... so what are the reasons FOR cooking?
Until a couple days ago I would have said the main reason is killing pathogens.   If that's not an issue, then I don't think there are any good reasons.

Another thing I've always disliked about cooking meat is that (in my kitchen at least, where the ventilation is poor) fat vaporizes and condenses on the walls and makes everything greasy.

I ate another six ounces of raw liver last night.  This time I was struck not by the slimy texture or unfamiliar taste or beautiful beet-like color but by the fact that I was nourishing myself by eating another living thing's body.  

Of course we do that all the time when we eat muscle, but I'm used to that.  This was the animal's liver, the vital center of its metabolism, one of the cornerstones of its life force.   It had a sort of spiritual impact.

And the liquid was so red, and looked so much like fresh blood.  It was on my hands and all over the plate.  I felt like a real carnivore, like a lion in a Youtube video with its face immersed in a zebra's flank.  

It was sobering.

How nice! So what are you planning on eating next?

The rest of the liver -- gotta finish it!  :)    I have a craving to try suet and marrow.

Quote from: Ioanna
I hope you'll keep a journal!!

Thanks for the welcome!    Maybe I will.

Until yesterday it had never occurred to me to eat raw meat.    I've always assumed it could be dangerous.  But yesterday I stumbled across this forum and read for several hours.  Lex's journal made a particularly big impression.

I noticed that there are a lot of people here eating raw meat -- even rotten raw meat -- and very little sickness.

Reading about food made me hungry, so after a while I went to the refrigerator and took out a package of Northstar ground bison which had been defrosting overnight.   I had been planning to cook it.  I sliced off three narrow strips and ate it standing at the counter.   It tasted good.   It tasted like a kind of sashimi.  Really, it tasted quite good.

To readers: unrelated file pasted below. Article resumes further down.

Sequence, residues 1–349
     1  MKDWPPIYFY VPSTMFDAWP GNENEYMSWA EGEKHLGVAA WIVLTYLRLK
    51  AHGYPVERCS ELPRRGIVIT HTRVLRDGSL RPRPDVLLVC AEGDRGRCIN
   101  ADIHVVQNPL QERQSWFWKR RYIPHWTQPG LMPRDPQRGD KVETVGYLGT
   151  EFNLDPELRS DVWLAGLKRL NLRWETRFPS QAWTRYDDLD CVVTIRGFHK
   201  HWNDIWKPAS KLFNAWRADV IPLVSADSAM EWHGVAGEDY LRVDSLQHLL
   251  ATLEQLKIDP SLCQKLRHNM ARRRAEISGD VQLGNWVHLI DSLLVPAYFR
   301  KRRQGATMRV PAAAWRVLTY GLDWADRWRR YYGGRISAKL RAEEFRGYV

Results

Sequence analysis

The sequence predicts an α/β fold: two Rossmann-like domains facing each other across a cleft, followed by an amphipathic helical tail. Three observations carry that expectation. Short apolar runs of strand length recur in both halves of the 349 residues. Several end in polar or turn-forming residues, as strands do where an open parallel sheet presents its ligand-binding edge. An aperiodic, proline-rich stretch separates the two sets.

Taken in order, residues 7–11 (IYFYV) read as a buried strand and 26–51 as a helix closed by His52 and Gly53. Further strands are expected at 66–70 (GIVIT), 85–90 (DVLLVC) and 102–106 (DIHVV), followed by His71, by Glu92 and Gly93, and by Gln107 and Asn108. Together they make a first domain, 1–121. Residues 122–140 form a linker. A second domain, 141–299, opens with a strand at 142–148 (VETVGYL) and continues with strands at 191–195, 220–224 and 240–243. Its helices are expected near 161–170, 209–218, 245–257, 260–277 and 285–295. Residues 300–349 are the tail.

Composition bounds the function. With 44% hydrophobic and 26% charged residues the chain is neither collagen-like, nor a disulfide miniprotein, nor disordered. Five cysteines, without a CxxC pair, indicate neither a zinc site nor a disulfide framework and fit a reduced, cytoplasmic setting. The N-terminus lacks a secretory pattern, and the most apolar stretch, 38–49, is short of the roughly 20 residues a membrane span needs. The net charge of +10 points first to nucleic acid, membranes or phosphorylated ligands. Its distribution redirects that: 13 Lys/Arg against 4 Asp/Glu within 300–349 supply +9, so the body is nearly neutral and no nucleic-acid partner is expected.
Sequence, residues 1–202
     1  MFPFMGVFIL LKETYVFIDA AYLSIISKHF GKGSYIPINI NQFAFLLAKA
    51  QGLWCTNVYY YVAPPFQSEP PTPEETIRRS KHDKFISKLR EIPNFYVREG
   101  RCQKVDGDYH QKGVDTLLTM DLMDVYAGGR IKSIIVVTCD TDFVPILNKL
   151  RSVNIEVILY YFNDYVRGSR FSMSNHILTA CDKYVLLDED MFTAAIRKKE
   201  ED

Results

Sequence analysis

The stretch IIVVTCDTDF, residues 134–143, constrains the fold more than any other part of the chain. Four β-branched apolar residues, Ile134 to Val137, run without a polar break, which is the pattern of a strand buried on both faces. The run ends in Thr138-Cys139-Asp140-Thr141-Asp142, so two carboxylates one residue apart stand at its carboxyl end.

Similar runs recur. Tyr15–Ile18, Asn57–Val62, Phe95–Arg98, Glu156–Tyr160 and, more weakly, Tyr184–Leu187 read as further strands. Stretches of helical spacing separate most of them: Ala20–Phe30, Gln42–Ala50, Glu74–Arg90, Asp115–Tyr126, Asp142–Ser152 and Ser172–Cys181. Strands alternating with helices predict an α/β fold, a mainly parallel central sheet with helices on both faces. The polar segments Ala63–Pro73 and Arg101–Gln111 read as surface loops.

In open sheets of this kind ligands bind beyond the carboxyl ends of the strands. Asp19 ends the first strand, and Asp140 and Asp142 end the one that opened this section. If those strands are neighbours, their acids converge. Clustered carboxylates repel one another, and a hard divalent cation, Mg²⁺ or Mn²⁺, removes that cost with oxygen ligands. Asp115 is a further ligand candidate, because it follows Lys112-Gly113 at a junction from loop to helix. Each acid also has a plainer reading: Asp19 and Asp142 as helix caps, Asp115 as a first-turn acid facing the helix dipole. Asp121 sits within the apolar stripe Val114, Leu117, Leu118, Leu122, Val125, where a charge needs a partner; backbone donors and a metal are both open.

A couple of hours went by and I didn't get sick, so I ate most of the rest of the package.   In all, I ate about 14 ounces of raw bison yesterday.   I ate half of it plain and the other half sandwiched on thin slices of cucumber with a little salt.  It was a nice meal.

Just now I read some more and decided to try something more adventurous, so I defrosted a package of grass-fed beef liver.  (I started buying this stuff from US Wellness two weeks ago.)

The thing is, I hate beef liver.   I bought this piece as an experiment, expecting to throw it out after I cooked it.

I sliced off a tiny piece and tasted it cautiously.   I tried to taste it as if for the first time.   It wasn't bad.   I ate the second piece.  Really, not bad at all.  But the liver was very cold, just barely defrosted, and that dulls the taste.  For a full experiment a sliced off a fairly large piece and kept it in my mouth till it warmed up and chewed thoroughly.   It really isn't bad.

I've been on a more-or-less paleo diet for about two years, but if I hadn't stumbled across this forum yesterday, I don't know if I would ever have tried raw meat.

Now I have, and I imagine I'll mostly eat it that way for the rest of my life.  It seems obvious to me that it's a good idea to try to eat foods that evolution designed us to eat, and clearly raw foods come closer to that ideal than cooked ones.

I'd like to thank everybody here and especially Lex.